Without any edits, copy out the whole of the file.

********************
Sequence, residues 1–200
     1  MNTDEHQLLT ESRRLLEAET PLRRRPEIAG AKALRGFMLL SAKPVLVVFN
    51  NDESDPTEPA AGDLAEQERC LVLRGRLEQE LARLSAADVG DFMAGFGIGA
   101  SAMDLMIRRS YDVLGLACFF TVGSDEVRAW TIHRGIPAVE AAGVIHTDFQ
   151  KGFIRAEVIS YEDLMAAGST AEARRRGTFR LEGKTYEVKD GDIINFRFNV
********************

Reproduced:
Sequence, residues 1–200
     1  MNTDEHQLLT ESRRLLEAET PLRRRPEIAG AKALRGFMLL SAKPVLVVFN
    51  NDESDPTEPA AGDLAEQERC LVLRGRLEQE LARLSAADVG DFMAGFGIGA
   101  SAMDLMIRRS YDVLGLACFF TVGSDEVRAW TIHRGIPAVE AAGVIHTDFQ
   151  KGFIRAEVIS YEDLMAAGST AEARRRGTFR LEGKTYEVKD GDIINFRFNV